We know from Christian tradition and from the Holy Scriptures that there are different names given to groups of angels — nine “choirs” of angels in all. Over the centuries, many theologians and spiritual writers have considered the choirs from various perspectives.
A helpful spiritual truth to internalize as we grow in our love for God and progress along our spiritual journey: Whatever other purposes they may have, the hierarchy of angels is meant to help us to understand the qualities of God and how we might grow in the ways of holiness. It provides us with a sense of order, progress, and ascent in our understanding of how God’s infinite knowledge establishes and maintains the order and beauty of creation through principles that we can grasp and through the ministry and oversight of His faithful servants, the angels.
These designations are not matters of dogma but rather spiritual tools to help us to appreciate the ways of holiness — the means by which God assists us through the mediation of the angels. The names themselves describe either a characteristics of these mighty spirits or an aspect of their mission in God’s plan.
The Angelic Hierarchy
In the fourth and fifth centuries, we begin to see an increasing interest in the role of the angels among the Fathers of the Church and other Christian writers. One of these was an anonymous fifth-century monk who wrote under the name of St. Paul’s famous convert, Dionysius the Areopagite. He is commonly known as “Pseudo-Dionysius” and is the person to whom we owe our common Christian understanding of the relationship between the ranks and choirs of the angels.
St. Thomas made intelligence the basis of the classification of the angels, who are themselves purely intellectual beings. The angels do not all have the same degree of likeness to the Lord, however; some participate in or reflect the divine perfections more than others. Therefore, according to the Angelic Doctor, angels belong to different choirs according to their intelligence and their place in God’s plan.
Outline of the Order of Angels
The highest group of angels — the seraphim, the cherubim, and the thrones — not only contemplate God directly but are totally concerned with Him. In Him, they contemplate the source of all creation, the ultimate ideas and causes from which all creation flows. In other words, they contemplate God in His highest perfections.
The second level, or sphere, of the angels — the dominations, the virtues, and the powers — do not possess the same kind of unified vision as the higher choirs. They see reality divided into the fundamental causes from which all things stem. And then the third group — the principalities, the archangels, and the angels — have a further devolved understanding of the truth of the universe, from the large and basic causes of all things into a multiplicity of particular causes.
But Pseudo-Dionysius also believed, as did St. Thomas, that the angels of the higher choirs enlighten those of the lower choirs, sharing their intelligence and understanding with them so that there is, in fact, true communication among the angels. And the angels in this way can cooperate with one another to fulfill the mission that God gives them.
The Arrangement of the Angels of the Lord (according to Pseudo-Dionysius)
Let’s turn to the individual choirs so that we can examine the powers each have, and how they relate with one another.
The seraphim are the angels closest to God. As such, they reflect most immediately the highest attribute of God manifest in creation: His love. They are on fire with the love of God; the very name means “incandescent ones” or “burning ones.” Classical sacred art portrays them as entirely red and ablaze. They are usually depicted as having six wings but no faces — simply a sea or ring of flame around the Holy Trinity. Because of this burning love, more than any other angel they have the most perfect knowledge of God, which makes them the most perfect adorers. St. Jerome notes that they not only burn by themselves, but they also inflame others with the love of God.
According to the prophet Isaiah, the seraphim are the angels whom he hears crying out “Holy, holy, holy,” as one of them purifies Isaiah’s mouth with a coal from the altar so that he might serve as the Lord’s messenger (Isa. 6:3–8). In the Extraordinary Form of the Roman Mass, the priest evokes this moment as he prays for worthiness in proclaiming the Gospel. We too should pray to the seraphim that we might be purified in our responsibilities as teachers and bearers of the Word to our families, our friends, and all those over whom we have responsibility. It was a seraph who appeared to St. Francis of Assisi when he received the stigmata. Later mystics, too, will speak of the seraphim as the Lord’s messengers and intermediaries when they had extraordinary experiences of loving and transforming divine union.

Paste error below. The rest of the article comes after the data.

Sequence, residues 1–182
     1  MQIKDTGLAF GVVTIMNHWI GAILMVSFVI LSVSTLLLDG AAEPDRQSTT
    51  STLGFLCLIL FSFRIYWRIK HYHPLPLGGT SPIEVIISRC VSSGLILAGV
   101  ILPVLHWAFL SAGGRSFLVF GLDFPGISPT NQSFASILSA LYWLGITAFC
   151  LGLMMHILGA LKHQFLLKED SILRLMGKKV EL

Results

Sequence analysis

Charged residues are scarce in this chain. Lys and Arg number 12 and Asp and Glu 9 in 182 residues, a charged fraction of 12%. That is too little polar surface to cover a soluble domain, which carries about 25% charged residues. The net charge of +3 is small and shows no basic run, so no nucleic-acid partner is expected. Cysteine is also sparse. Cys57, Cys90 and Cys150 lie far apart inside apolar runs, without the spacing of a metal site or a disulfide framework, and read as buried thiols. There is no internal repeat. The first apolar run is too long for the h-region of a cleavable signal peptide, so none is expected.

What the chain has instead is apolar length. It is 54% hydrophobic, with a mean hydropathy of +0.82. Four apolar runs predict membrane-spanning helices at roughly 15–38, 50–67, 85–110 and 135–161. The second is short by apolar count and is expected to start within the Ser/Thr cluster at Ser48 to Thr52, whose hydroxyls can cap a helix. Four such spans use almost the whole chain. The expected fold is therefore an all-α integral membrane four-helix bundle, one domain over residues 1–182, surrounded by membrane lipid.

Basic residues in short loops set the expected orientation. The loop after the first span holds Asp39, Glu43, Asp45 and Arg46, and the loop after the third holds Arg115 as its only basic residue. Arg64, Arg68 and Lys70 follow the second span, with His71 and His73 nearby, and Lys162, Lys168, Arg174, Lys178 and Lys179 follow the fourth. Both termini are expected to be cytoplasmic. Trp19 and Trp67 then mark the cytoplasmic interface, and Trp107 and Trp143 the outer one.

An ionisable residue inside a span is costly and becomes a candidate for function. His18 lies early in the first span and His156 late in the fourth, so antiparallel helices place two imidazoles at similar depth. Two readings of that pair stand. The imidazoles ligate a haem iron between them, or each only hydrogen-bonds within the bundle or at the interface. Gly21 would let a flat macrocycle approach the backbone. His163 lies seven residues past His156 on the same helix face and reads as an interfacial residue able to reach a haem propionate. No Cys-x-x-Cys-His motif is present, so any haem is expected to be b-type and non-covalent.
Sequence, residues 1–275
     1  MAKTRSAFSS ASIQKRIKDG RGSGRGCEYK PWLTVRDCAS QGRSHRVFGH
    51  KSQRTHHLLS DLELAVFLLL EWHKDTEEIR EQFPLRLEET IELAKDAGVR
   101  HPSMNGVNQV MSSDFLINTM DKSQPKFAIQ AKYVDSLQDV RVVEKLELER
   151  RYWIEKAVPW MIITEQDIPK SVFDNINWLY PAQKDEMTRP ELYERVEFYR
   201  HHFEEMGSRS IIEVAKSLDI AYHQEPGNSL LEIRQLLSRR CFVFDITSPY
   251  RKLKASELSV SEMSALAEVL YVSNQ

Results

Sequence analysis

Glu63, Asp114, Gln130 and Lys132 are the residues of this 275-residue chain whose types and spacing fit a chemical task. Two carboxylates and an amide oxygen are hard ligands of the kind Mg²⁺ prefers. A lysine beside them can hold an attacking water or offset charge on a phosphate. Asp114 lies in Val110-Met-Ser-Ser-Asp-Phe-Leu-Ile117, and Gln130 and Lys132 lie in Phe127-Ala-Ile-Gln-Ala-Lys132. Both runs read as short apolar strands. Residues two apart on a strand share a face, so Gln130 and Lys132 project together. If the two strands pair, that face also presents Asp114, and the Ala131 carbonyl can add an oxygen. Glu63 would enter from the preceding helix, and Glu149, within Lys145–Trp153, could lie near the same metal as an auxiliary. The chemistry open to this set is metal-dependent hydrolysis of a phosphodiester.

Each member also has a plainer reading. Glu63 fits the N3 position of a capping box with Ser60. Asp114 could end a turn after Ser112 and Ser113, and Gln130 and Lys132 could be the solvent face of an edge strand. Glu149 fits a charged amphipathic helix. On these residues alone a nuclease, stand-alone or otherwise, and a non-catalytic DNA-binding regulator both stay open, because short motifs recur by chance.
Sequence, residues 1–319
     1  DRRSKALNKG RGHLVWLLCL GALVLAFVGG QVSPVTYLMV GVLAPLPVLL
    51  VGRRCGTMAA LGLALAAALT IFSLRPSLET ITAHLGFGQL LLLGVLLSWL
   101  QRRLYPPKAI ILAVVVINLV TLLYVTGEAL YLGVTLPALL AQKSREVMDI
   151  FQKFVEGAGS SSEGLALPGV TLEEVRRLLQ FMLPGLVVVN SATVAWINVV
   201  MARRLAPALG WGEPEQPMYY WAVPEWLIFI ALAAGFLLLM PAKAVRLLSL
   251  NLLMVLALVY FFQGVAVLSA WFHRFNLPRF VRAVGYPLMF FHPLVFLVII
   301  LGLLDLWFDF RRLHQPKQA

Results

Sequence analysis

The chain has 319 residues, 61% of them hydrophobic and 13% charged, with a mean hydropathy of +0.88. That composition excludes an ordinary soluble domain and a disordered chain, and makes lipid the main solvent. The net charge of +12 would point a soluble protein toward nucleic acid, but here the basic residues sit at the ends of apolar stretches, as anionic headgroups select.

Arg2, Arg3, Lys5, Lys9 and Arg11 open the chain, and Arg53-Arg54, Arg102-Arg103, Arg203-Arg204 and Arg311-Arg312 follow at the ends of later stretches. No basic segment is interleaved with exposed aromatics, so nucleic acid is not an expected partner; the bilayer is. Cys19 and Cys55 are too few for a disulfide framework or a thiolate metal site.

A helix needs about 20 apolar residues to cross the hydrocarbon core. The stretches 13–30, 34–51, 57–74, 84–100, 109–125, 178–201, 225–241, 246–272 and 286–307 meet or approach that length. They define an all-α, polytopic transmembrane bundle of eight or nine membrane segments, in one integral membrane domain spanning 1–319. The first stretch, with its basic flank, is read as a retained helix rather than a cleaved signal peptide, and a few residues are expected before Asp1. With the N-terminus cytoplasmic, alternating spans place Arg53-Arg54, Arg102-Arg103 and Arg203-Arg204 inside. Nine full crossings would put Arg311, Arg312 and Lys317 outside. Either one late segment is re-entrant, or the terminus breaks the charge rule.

The cherubim have a deep intellectual knowledge of divine secrets and of the ultimate causes of things; their name means “all-knowing one.” As such, they constantly contemplate the wisdom and the love of God in His relationship with mankind. They reflect His omniscience. The cherubim were the mighty adorers of the first covenant in its wisdom; images of the cherubim were the only images of beings that were permitted in the ancient Temple of Jerusalem. Their carved figures adorned the lid of the Ark of the Covenant, which prefigured both the Virgin Mary “tabernacling” the unborn Christ and the Eucharistic tabernacles of our churches, containing the new manna of Christ’s sacramental Body and Blood. Embroideries of the cherubim also covered the beautiful drapery that separated the Holy of Holies from the outer court of the Temple. It was that veil that was ripped from top to bottom when Our Lord died on the Cross as the sign that He had passed into the Eternal Sanctuary and that the Temple of Jerusalem had fulfilled its purpose (Matt. 27:51). The cherubim are still considered protectors of the New Covenant and so are often depicted on tabernacles and Eucharistic vessels.
The thrones, as their name suggests, can be thought of as beings raised up to form the seat of God’s authority and mercy. A throne manifests the glory and authority of a king; it expresses stability and power. And since a throne is also a judgment seat, these angels are especially concerned with divine judgments and ordinances.
In the early Church, a common representation of God’s glory in Heaven was a mosaic behind the altar and above the seat of the bishop that represented an empty throne with a radiant cross mounted above it. This image represented Christ the King, Lord of all and Judge of the living and the dead. But His judgment seat was also a throne of mercy, for Christ has redeemed the world by His Cross. His love has brought us to salvation. The thrones are never seen or experienced as “flying” but as “rolling” across the heavens, in keeping with their manifesting the Lord’s stability.